Continuing with his reply, he suggests that pesticides in the smaller “critters” have had some effect, and he suggests that there are similar reasons, all of which are related to people, knowingly, or otherwise, changing the environment to the detriment of the animals in it.
“These are too many and too common to list but certainly could be part of the problem,” he said.
He stated the OMOTM might recognize the increase in other animal populations, such as bear, moose, and porcupine that were not around 20 years ago, like they are now. Ravens are breeding all over the state, and some other animals have increased in abundance, all due to the changing landscape.
In the end, Professor Brown also suspects the general abused conditions of the environment have not changed that dramatically in the past few years, it is just that the OMOTM are starting to catch up with it. This change is natural due do plant succession from field to brush, from brush to forests, and therefore the critters are going to change with it.
Guys and gals and implanted chips
The next topic (really not next because these things are chosen at random; sometimes this scribe has trouble reading his notes) was on driving. Driving is a common discussion with this group, but this conversation was about the accident that was on the news recently, and the driver had 10 or so violations, and his license was revoked.
One OF said revoking and taking away a license doesn't mean a thing to a lot of people; they will just hop in another car and take off, and, if they get caught again (driving without a license), they will do the same thing. We have to do more than that.”
“Well,” one OG said, “We can't lock them all up — we won't have enough cells to hold them all.”
One OF said, “All cars should have a chip in it, and it would be activated when the offender would have a corresponding chip implanted in his shoulder so that, once the car detects that chip, it won't start.”
Another said, “That won't work, the guy will just go and have the chip removed from his shoulder.”
Then there was a response from the original OF who suggested the idea, and this OF said the chip could also be programmed to notify the issuing police department that the chip has been tampered with and the cops can go and round him up again.
Then from nowhere came this statement, “You guys are saying guys all the time. Are guys the only ones driving without a license? Not on your life — the gals are just as guilty.”
That led to another discussion on guys being all inclusive — kind of genderless, so to speak. So the OFs were off on a completely different tangent.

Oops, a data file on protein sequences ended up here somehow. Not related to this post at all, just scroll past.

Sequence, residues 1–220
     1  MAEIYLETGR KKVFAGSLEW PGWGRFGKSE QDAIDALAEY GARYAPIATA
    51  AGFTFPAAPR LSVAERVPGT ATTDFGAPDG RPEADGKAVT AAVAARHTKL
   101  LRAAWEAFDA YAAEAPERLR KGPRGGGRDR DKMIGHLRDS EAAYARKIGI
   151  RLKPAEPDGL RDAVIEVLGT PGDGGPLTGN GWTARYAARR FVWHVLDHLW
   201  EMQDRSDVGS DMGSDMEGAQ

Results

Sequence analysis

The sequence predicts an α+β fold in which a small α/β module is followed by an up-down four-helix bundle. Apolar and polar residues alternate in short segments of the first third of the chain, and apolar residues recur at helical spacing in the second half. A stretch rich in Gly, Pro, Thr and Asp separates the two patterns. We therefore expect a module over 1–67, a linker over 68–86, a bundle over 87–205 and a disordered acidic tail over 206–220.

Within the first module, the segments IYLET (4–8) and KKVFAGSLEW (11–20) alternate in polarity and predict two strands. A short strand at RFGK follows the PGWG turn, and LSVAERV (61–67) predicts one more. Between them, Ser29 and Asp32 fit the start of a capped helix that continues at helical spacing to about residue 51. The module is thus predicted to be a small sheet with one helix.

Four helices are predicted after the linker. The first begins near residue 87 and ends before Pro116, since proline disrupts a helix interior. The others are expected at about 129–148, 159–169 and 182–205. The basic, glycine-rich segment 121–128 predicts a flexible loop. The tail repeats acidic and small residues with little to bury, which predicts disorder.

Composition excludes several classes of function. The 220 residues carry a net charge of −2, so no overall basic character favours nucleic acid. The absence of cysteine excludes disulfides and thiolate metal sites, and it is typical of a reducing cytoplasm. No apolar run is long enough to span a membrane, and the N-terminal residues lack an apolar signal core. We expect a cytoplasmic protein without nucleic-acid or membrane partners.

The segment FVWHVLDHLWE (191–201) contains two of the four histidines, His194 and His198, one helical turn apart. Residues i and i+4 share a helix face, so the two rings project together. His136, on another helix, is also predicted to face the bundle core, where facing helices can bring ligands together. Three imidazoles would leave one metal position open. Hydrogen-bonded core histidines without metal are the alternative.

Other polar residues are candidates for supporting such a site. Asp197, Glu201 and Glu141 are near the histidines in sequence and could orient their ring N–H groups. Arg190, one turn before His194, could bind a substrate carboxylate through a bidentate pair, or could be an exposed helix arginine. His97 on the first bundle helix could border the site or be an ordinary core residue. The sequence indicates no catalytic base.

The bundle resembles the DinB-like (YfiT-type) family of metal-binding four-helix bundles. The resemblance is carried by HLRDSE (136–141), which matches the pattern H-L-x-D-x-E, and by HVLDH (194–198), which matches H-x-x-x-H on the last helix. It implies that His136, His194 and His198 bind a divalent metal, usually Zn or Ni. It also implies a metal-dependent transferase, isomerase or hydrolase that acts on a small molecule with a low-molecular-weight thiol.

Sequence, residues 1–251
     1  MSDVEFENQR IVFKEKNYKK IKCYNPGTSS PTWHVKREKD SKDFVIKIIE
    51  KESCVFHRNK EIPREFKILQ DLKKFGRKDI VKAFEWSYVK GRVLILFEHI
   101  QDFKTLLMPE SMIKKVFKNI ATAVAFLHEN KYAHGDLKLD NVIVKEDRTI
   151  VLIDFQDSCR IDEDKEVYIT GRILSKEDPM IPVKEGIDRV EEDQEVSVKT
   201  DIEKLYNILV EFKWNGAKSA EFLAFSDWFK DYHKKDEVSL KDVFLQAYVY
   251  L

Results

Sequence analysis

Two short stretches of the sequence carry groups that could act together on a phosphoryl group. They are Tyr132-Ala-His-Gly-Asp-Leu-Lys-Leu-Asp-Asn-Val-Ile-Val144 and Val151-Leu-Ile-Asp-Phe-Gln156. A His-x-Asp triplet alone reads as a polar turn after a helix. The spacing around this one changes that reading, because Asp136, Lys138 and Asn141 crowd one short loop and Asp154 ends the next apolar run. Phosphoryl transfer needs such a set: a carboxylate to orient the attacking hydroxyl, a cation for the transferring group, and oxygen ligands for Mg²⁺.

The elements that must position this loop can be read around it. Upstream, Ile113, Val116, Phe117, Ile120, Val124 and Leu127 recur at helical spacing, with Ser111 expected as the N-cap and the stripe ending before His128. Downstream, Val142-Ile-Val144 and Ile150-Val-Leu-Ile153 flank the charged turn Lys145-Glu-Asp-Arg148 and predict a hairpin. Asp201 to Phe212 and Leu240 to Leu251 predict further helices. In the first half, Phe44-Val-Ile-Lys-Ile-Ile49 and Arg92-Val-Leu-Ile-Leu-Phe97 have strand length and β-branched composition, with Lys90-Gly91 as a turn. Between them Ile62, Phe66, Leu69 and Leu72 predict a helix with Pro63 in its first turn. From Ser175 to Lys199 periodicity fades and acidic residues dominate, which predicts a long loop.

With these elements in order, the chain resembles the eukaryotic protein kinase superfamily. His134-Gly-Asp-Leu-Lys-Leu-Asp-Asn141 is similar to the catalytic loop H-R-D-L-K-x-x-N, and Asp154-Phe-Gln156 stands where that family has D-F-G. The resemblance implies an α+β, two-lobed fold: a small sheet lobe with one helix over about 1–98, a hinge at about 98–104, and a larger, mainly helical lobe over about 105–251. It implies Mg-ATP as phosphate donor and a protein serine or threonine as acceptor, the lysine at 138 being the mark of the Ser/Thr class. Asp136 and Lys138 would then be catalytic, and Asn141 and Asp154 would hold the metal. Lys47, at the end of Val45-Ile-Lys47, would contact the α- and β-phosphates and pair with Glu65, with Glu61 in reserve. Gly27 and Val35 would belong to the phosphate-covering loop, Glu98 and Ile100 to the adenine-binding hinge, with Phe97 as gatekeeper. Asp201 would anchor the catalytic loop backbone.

Those OFs that made it to the Duanesburg Diner, in Duanesburg, and making us guys genderless, like “youse guys better clean up your act,” were: Miner Stevens, Robie Osterman, George Washburn, Bill Krause, Steve Kelly, Roger Shafer, Mark Traver, Glenn Patterson, Otis Lawyer, Harold Guest, Lou Schenck, Art Frament, Herb Swabota, Jay Taylor, Roger Fairchild, Gary Porter, Jack Norray, Mace Porter, Ken Hughes, Henry Witt, Duncan Bellinger, (with guest Alex Cipperly) Frank Pauli, Don Moser, John Rossmann, Bob Giebitz, Ted Willsey, Jim Rissacher, Bob Lassome, Duane Wagenbaugh, Elwood Vanderbilt, Mike Willsey, Gerry Cartier, Harold Grippen, and me.
The day of July 30, the Old Men of the Mountain met at the Blue Star Café in Schoharie. It might be the weather, but many of the OFs are getting up earlier, and earlier.
As mentioned before, the original meeting time was 9 a.m. or so. Then, as the group grew larger, more of the OFs had things to do other than lay in bed and go to eat in the middle of the morning, so some OGs started coming earlier so they could get things done.
Now it almost seems that some should have keys to the restaurants so they can open it up and at least get the coffee ready.
This is a good thing!
It shows the OFs are out and about with projects to get done, and not rocking-chair bound. However, some of the OFs do show up not shaven, and look like they just tumbled out of bed, met their ride, and made it to the breakfast. This scribe wonders how many of the OFs are going to crawl back in bed when they get home from the breakfast.
What’s in a name?
Many parents agonize over what to name their kids. The parents, and their grandparents interfere; friends make suggestions. The new parents purchase books on names.
Some parents make sure the initials don't come up with something really screwy, or obscene. Most of the OFs have gone through this (as did their parents for them), trying to get the name right.
One OF mentioned that names can affect a person into adulthood and beyond; some names are a hindrance for getting ahead in life no matter how smart or talented the kid is. Then there is always the pressure to name them after Uncle Charlie, or Aunt Sarah.
One OF said he has two friends that changed their names for just that reason. The parents of these two tried to be too cute and hung a moniker on one of them that plagued him all through school.
This man said he changed his name as soon as he was legally able to do so. To get away from these memories, he joined the military. Now that his name was legally changed, everything had his new name on it and that is how everyone knew him. His life changed immediately and for the better.